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August 29, 2022

From: David Gray

To: The Hon. Carla Qualtrough, Minister of Employment, Workforce Development and Disability Inclusion

Date: August 29, 2022

Re: Extended Employment Insurance (EI) Benefits for Claimants at Risk of Exhaustion

With the exception of the pandemic period, the provisions for maximum benefit Employment Insurance (EI) entitlements are a function of two things: i) the number of insurable hours that the claimant has attained and ii) the prevailing unemployment rate in his/her administrative region. But on five occasions since 2000, the government has deemed these durations to be inadequate for seasonal claimants in particular. I argue that benefit extensions beyond those stipulated by the standard provisions should be targeted to a much broader group of EI claimants than just seasonal workers and include long-tenure workers, and that the federal government should provide EI benefits which reflect changes as opposed to levels in unemployment rates.

As for seasonal workers, various governments have resorted to so-called ‘pilot projects’ that extend benefits by 5 weeks with the objective of eliminating the ‘gap’ that some seasonal claimants face. In EI jargon, ‘the gap’ refers to the interval between the time of benefit exhaustion and the commencement of the next working season; a period during which workers receive no employment income.  

The desired impact of these interventions is to postpone the benefit exhaustion date. They typically involve selecting relatively high-unemployment regions with unemployment rates above either 10 or 8 percent. The original pilot project (No. 6) targeted seasonal workers dates in the period 2004 – 2006. Pilot project No. 10 running from 2006-2009 immediately succeeded it. Benefit durations were extended for claimants across Canada in 2009 in response to the recession of 2008-2009, but there were no further pilot projects for “gappers” until pilot project No. 21 was implemented in 2018 to run until 2021. Whereas the previous pilot projects covered all claimants within the selected administrative regions, pilot project 21 was the first to explicitly target claimants meeting the specific, technical criteria defining seasonal claims patterns. The government also reduced the number of eligible regions from 21 to 13. When pilot project No. 21 expired, it was extended until October 2022 as part of Budget 2021; it was renewed again until October 2023 as part of Budget 2022.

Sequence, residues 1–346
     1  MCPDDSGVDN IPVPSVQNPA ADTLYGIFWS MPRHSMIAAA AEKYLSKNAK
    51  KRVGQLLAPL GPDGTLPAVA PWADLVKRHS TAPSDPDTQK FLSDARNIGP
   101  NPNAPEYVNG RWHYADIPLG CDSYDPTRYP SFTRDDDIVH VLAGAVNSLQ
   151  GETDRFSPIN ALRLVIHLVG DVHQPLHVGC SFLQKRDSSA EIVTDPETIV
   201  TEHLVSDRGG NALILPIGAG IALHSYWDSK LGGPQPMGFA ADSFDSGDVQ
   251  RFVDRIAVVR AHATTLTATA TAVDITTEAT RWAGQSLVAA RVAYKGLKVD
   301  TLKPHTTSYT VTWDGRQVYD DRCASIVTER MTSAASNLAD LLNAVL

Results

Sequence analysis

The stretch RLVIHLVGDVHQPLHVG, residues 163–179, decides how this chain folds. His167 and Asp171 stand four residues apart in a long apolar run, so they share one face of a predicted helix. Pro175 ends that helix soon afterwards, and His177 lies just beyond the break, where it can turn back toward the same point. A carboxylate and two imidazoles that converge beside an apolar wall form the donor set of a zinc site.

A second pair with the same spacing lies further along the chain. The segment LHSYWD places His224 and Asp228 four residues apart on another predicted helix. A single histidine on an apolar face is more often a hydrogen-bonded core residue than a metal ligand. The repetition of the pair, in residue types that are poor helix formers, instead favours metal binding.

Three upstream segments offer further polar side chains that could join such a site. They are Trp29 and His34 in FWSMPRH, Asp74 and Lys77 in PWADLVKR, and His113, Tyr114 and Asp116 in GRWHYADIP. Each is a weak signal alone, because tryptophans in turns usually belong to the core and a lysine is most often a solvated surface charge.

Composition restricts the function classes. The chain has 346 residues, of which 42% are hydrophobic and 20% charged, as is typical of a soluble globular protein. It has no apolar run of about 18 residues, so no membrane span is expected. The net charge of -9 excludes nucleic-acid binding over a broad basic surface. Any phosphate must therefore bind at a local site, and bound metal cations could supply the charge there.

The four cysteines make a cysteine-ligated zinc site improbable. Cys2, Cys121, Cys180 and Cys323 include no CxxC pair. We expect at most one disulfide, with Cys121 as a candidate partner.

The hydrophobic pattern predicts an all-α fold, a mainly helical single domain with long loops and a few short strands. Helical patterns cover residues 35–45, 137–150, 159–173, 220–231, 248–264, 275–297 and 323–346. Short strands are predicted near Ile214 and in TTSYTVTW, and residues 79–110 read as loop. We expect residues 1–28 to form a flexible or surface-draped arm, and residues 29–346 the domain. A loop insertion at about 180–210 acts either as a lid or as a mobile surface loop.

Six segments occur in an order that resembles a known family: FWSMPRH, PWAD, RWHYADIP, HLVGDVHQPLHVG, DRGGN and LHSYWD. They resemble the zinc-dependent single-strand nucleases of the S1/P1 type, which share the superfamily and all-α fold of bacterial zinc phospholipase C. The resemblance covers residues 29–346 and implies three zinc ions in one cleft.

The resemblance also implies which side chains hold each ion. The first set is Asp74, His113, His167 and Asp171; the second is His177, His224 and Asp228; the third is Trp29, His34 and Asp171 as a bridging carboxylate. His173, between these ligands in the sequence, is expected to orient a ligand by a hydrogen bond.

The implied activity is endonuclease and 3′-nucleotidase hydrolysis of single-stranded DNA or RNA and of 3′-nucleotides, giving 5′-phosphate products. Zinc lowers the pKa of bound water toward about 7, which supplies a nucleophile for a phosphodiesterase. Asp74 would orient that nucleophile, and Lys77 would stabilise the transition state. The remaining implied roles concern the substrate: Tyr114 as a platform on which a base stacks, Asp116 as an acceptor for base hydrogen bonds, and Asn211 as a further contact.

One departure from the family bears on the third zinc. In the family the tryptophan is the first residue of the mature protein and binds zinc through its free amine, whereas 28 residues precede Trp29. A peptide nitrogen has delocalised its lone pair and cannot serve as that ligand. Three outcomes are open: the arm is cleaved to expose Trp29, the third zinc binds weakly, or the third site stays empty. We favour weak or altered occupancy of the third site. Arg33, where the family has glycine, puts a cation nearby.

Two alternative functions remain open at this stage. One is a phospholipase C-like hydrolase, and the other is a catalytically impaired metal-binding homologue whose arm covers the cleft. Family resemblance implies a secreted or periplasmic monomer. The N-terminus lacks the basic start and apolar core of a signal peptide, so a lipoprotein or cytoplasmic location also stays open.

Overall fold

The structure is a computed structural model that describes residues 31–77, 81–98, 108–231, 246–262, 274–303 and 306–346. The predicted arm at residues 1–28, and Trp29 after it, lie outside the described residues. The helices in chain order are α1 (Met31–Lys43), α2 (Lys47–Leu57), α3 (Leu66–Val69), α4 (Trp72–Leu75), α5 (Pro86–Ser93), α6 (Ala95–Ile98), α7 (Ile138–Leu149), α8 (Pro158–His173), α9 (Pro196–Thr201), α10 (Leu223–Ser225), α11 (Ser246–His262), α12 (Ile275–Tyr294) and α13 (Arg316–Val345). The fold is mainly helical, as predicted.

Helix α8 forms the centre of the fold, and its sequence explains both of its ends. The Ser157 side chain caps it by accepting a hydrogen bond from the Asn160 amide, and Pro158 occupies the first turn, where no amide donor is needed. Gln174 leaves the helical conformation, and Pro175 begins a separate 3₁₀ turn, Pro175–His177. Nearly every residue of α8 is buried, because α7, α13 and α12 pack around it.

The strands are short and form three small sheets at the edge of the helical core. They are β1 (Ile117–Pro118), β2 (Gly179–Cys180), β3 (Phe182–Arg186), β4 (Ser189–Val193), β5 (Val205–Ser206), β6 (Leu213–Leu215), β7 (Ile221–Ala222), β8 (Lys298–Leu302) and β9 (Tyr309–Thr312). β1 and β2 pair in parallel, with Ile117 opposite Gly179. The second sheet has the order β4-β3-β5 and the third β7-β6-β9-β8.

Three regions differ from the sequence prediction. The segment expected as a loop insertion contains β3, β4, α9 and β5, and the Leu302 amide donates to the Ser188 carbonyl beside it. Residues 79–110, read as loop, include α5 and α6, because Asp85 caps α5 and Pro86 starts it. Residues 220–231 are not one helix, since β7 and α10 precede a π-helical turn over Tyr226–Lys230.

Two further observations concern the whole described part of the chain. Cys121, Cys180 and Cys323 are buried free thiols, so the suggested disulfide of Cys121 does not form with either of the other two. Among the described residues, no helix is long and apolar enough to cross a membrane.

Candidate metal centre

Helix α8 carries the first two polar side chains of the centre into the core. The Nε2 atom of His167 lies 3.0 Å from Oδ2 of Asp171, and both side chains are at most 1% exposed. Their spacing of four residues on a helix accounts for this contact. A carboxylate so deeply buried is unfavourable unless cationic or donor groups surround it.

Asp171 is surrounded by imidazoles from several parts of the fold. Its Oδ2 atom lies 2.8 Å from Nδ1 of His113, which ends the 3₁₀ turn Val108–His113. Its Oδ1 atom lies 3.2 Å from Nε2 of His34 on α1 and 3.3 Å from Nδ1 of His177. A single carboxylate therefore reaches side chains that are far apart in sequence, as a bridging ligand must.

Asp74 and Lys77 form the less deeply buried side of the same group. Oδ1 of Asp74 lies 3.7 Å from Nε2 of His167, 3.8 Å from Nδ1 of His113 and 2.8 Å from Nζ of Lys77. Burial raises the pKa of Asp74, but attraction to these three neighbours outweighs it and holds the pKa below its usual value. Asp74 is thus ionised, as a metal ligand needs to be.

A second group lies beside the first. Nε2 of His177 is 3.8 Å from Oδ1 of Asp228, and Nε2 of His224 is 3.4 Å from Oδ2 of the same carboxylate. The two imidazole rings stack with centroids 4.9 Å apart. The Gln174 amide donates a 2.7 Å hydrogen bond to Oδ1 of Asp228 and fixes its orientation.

A number of conclusions flow from this chronology of special provisions targeting seasonal workers. First, the government deems them as meriting supplemental coverage on a quasi-permanent basis. Second, the preferred policy delivery mechanism is through the selective and discretionary pilot projects as opposed to through a permanent increase in durations built into the benefit formulas that would apply to all high-unemployment regions. Third, over this period the targeting has become more narrowly focused and targeted at a subgroup of seasonal workers – the ‘gappers’. Evaluative research has suggested that these interventions have had the intended impacts of lowering the likelihood of benefit exhaustion, increasing the number of benefit weeks collected, and (less desirably from the standpoint of taxpayers and employers) reducing claimants’ labour market earnings.